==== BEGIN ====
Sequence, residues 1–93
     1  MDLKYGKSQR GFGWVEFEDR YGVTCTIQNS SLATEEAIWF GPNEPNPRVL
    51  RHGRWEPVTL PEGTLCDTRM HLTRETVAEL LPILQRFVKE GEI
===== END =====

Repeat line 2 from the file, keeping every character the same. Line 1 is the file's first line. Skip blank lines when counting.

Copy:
     1  MDLKYGKSQR GFGWVEFEDR YGVTCTIQNS SLATEEAIWF GPNEPNPRVL